Striking union actors have warned Gotham casting directors and producers that they may face a federal investigation if they threaten to blacklist the actors after the strike ends.
The warning, contained in a recent Screen Actors Guild memo, reflects the bitter emotions kicked up by the work stoppage against advertisers. SAG and the American Federation of Television & Radio Artists members have been active in New York during the strike, now entering its sixth week, with as many as six actions each day.
The memo, authored by New York executive director John H. Sucke, does not cite specific threats but notes that the strike is a lawful action.
Threat of charges
“Casting directors who attempt to intimidate the strikers by threatening not to employ them in the future violate the National Labor Relations Act,” Sucke wrote. “The unions will file unfair labor practice charges against any casting directors making such threats and against the producers they serve and seek to recover lost income and interest that may result from the threatened blacklisting.”
SAG activists report that the picketing and leafleting have occasionally produced angry reactions from targets, which have included casting directors who are hiring non-union talent for commercial shoots.
SAG and AFTRA have already filed one unfair labor practice complaint against the advertisers — repped by the American Assn. of Advertising Agencies and the Assn. of National Advertisers — for refusing to bargain about jurisdiction over the Internet during their seven weeks of negotiations. Those talks collapsed April 14 amid deep divisions in pay structure proposals, monitoring and the Internet.
The advertisers have also filed NLRB charges against the unions over threats to permanently bar non-members who perform struck work, along with two bad-faith bargaining accusations.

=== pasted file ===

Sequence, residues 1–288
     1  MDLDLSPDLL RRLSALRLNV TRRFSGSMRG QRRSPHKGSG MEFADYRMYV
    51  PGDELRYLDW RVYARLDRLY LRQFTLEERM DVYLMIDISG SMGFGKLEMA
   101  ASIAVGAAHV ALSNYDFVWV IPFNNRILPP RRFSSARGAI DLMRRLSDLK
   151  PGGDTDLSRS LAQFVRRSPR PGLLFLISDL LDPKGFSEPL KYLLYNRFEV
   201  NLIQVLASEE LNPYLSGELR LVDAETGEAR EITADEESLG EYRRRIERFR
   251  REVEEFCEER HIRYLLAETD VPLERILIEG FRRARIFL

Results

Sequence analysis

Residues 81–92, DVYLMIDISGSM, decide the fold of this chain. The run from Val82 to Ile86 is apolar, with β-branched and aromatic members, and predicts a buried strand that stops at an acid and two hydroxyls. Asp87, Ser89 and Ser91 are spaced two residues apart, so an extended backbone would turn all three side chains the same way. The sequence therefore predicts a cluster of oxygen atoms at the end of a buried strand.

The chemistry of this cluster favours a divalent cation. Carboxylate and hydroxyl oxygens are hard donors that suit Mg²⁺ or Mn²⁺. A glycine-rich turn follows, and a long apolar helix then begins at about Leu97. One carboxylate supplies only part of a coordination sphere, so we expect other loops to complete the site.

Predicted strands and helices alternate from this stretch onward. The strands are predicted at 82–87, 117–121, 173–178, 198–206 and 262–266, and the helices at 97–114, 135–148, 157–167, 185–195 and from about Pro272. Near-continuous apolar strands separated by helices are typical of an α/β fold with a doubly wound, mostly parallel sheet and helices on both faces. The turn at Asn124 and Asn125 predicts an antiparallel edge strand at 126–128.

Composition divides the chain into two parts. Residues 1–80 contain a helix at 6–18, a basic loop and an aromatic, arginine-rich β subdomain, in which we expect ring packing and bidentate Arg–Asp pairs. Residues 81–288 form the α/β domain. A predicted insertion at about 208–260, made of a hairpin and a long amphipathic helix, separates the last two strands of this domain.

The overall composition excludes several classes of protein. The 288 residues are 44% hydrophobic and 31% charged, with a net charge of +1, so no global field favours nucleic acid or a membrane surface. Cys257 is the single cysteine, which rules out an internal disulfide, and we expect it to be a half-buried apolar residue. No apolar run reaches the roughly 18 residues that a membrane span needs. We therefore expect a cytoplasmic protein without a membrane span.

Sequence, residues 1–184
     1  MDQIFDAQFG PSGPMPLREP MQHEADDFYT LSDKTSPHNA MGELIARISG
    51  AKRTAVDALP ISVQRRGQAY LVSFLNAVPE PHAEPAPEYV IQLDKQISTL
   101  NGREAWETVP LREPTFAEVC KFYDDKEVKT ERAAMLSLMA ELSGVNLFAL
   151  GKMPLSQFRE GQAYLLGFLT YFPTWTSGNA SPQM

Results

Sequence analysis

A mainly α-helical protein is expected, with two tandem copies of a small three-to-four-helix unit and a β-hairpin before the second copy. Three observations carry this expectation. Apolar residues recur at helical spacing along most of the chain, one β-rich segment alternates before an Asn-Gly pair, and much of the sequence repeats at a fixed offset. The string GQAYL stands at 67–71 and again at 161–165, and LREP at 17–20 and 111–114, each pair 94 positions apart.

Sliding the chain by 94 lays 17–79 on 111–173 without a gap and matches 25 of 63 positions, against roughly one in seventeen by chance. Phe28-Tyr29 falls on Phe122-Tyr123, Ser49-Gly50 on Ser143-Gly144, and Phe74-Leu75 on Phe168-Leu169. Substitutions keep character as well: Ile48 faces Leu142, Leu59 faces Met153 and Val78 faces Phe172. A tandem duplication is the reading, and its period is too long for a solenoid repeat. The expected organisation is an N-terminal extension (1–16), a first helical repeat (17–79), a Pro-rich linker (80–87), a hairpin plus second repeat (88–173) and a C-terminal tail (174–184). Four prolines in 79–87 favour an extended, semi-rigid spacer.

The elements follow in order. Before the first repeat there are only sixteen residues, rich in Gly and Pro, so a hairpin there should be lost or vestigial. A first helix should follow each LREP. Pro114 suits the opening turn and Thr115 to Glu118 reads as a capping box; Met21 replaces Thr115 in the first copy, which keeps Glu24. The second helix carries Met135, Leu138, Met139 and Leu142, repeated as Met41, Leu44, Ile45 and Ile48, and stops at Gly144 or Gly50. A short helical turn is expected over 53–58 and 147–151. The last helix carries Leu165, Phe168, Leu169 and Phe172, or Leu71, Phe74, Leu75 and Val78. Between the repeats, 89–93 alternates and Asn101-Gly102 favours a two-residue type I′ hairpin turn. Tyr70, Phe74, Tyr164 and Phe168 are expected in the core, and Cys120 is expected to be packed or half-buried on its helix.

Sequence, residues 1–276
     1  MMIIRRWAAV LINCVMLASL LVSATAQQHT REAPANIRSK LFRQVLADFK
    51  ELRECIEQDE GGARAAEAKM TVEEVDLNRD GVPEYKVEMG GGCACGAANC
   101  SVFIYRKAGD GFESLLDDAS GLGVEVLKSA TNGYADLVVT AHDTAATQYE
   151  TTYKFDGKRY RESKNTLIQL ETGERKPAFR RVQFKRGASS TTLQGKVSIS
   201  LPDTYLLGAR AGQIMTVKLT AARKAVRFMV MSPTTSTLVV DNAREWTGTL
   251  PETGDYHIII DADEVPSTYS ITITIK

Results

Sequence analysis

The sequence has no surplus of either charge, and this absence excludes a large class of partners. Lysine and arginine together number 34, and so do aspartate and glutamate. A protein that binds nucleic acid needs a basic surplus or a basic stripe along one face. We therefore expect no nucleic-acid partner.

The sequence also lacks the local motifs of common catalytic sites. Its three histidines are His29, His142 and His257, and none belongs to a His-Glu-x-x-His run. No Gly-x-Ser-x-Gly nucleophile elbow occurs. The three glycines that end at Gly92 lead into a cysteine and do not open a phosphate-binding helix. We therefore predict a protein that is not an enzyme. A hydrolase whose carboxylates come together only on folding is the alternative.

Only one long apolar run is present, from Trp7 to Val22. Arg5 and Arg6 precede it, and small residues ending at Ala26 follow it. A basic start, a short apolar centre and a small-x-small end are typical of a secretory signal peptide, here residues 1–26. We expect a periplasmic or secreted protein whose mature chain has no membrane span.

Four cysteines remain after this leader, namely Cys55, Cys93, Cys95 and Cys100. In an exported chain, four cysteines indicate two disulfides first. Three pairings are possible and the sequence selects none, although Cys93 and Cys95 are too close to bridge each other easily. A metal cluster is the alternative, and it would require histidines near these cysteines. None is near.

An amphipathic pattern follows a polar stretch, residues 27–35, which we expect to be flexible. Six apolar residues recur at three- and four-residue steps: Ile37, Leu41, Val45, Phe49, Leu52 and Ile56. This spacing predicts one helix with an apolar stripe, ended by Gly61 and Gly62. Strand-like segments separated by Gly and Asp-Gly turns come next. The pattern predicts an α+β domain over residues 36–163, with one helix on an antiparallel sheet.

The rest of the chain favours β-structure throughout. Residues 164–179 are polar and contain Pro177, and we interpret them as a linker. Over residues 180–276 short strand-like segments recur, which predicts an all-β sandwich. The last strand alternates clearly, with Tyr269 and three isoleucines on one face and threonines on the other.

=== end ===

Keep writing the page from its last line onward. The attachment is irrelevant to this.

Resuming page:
The unions have insisted they can exclude strike-breakers from future membership and reiterated that message in recent leaflets and Web site postings. “Federal law prohibits employers from interfering with the unions’ internal affairs,” they said. “Unions have the right to establish and enforce their own reasonable rules regarding qualifications for membership.”
No crossing the lines
SAG and AFTRA leaders also plan to involve other unions in coming weeks by asking unionists to honor picket lines. More than 100 New York strikers were able to persuade members of the Communications Workers of America to not cross a picket line early Friday at a Manhattan AT&T office; several hundred Los Angeles strikers demonstrated at an AT&T switching office in Burbank on Friday afternoon.
“We feel as if we’re gaining momentum,” said actress Sue-Anne Morrow, a New York strike captain.
The two sides will meet informally in New York on June 13 to explore with federal mediators whether talks can be formally re-launched. “SAG and AFTRA have definitely demonstrated how they felt so now it’s time to get back to the table and hash this out,” said Matthew Miller, president of the Assn. of Independent Commercial Producers.
Miller’s organization has maintained that producers are managing to keep up a steady pace of shooting with non-union talent and by going overseas.
The AICP will host 1,700 members on Tuesday and Wednesday for a “Creativity and Content” conference at the Museum of Modern Art in New York. Miller indicated he will not be surprised if the event is picketed.